- The Washington Times - Sunday, February 27, 2005

Educating illegals

I fervently hope America’s governors follow Deborah Simmons’ advice (“Educating the Workforce,” Op-Ed, Friday) as they “”ponder, for a moment, the socioeconomic burdens if millions of illegal immigrants are granted the same public benefits as Americans…”

As a result of the 1982 U.S. Supreme Court decision in Plyler v. Doe, children may not be denied education on the basis of their immigration status. Millions of illegal aliens’ children are already being educated in our schools. According to a Government Accountability Office report (“Illegal Alien Schoolchildren: Issues in Estimating State-by-State Costs”), the National Center for Education Statistics says expenditures for primary and secondary schools for the 1999-2000 school year totaled about $324 billion, with an additional $35 billion going for capital outlays. Most of these costs are borne at the state and local level, with only about 7 percent of school revenue coming from federal dollars.

Presumably, the Supreme Court decision would allow state or local governments to inquire about a pupil’s legal status for the purpose of seeking federal reimbursement for educating illegal-alien schoolchildren. It’s about time governors stop ignoring the issue. They should simultaneously demand federal reimbursement for educating the children of illegal aliens and security for our borders to prevent millions more from taking advantage of American taxpayers.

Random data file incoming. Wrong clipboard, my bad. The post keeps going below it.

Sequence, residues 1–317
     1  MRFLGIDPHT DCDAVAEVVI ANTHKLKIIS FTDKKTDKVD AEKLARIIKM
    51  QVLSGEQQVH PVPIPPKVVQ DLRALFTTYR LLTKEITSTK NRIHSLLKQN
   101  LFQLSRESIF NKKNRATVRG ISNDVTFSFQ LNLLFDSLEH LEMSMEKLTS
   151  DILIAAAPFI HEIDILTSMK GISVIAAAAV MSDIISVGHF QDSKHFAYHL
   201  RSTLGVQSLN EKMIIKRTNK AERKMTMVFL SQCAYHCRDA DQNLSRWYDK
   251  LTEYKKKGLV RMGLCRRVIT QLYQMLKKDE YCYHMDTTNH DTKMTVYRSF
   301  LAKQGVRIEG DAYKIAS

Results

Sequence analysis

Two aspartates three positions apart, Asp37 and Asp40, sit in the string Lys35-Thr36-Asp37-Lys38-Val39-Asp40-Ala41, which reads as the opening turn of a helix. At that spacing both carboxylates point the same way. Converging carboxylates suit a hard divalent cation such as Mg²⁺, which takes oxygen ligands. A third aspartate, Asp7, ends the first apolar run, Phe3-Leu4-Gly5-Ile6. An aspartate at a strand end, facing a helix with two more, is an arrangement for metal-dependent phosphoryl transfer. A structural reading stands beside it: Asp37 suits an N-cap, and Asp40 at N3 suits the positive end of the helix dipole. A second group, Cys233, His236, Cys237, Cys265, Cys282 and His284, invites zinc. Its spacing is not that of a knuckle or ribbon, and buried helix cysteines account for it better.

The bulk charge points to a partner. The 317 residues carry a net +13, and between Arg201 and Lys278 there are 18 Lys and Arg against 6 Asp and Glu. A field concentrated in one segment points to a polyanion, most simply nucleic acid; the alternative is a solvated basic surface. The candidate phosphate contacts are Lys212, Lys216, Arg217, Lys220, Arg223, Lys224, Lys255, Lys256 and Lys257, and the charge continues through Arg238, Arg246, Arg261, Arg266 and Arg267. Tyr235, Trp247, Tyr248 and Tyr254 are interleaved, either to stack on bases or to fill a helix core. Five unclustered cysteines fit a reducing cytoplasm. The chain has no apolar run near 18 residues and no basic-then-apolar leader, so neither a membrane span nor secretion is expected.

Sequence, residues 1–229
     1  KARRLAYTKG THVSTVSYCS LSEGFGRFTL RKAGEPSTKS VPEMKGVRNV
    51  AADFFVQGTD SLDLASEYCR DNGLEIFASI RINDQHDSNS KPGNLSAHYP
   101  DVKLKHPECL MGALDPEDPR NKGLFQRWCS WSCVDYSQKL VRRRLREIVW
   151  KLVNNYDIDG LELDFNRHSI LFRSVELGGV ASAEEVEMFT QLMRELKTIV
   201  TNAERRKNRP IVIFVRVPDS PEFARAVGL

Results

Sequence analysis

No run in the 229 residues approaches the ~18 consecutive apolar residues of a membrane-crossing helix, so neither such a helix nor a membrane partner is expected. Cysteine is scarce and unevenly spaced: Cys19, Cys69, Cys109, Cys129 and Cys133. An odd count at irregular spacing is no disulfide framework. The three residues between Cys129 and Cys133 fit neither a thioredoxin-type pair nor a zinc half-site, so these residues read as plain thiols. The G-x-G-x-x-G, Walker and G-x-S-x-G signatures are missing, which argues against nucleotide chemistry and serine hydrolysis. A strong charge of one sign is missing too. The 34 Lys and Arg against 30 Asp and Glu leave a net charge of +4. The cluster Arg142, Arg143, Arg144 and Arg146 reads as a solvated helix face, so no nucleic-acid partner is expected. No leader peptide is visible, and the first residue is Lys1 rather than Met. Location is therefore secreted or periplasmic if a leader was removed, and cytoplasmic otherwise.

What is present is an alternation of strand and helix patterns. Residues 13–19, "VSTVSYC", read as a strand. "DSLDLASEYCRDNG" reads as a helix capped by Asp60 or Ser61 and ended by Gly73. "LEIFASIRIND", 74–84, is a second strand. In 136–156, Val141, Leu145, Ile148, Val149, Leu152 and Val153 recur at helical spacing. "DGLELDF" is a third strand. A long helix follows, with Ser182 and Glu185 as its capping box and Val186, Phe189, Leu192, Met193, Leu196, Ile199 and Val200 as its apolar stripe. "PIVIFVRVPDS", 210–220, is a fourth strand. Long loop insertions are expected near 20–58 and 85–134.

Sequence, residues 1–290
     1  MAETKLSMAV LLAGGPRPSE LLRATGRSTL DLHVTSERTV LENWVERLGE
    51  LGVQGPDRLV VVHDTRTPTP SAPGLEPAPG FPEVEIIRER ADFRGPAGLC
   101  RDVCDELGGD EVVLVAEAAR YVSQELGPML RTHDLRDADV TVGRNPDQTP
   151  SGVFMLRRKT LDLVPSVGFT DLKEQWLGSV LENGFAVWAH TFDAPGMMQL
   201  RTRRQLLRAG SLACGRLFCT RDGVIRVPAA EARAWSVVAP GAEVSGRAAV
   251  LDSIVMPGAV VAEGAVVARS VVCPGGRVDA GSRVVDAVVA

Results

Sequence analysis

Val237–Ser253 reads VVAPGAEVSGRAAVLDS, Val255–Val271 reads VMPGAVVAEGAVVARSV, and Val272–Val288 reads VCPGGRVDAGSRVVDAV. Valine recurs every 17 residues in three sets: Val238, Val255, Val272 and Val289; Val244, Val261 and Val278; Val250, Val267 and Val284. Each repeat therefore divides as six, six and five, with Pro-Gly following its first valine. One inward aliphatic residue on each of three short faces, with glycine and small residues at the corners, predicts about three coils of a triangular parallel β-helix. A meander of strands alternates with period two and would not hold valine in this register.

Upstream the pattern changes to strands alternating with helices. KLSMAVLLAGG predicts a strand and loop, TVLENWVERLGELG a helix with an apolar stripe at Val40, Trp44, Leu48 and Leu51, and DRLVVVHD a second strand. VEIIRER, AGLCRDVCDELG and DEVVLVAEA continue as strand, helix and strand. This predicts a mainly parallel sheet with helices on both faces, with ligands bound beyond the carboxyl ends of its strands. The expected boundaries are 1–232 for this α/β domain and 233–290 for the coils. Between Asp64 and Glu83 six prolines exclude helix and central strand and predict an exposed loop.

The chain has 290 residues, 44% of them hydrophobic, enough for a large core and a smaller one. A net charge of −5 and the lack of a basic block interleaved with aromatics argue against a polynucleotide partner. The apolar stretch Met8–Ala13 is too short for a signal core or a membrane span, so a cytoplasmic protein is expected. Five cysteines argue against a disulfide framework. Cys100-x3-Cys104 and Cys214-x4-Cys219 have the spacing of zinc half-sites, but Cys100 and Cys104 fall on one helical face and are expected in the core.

CHEREE CALABRO

Porter County director

Indiana Federation for Immigration Reform & Enforcement

Valparaiso, Ind.

50 percent not good enough

You do a fairly good job of laying it all it out in your editorial (“Social Security: No ‘phony’ crisis,” Sunday), but you and the politicians are still missing a key point, and this is the one that will do us all in.

I am a retired engineer. Suppose I designed an airplane and met Mark Weisbrot and Dean Baker, co-directors of the liberal Center for Economic and Policy Research, at the boarding ramp at the airport, smiled and said, “Don’t worry, the airplane is completely safe; you have a probability of reaching your destination of 50 percent.”

Do you think that they would regard any criticism of the design as a myth? If you do not think this analogy translates to economics and finance you would be absolutely wrong. There have been tens of books and articles written criticizing financial planners for plugging historical mean returns into spreadsheets, charging their clients some ridiculous fee, and telling them that they are in fine shape for retirement; which is true of probably 50 percent. Every date you mention in your editorial is just an estimated mean value. Nobody in their right mind would subject the entire U.S. population to that kind of uncertainty.

The only conclusion to reach is that the politicians, and apparently a great number of journalists, really are delusional.

SAMUEL BURKEEN

Reston

Employers, Mexico are partners in crime

Beefing up the Border Patrol to stem the tide of illegal immigration will fail until employers of this illicit population are penalized (“Strength in numbers,” Editorial, Thursday). Each year the problem has grown and it shows no sign of abating.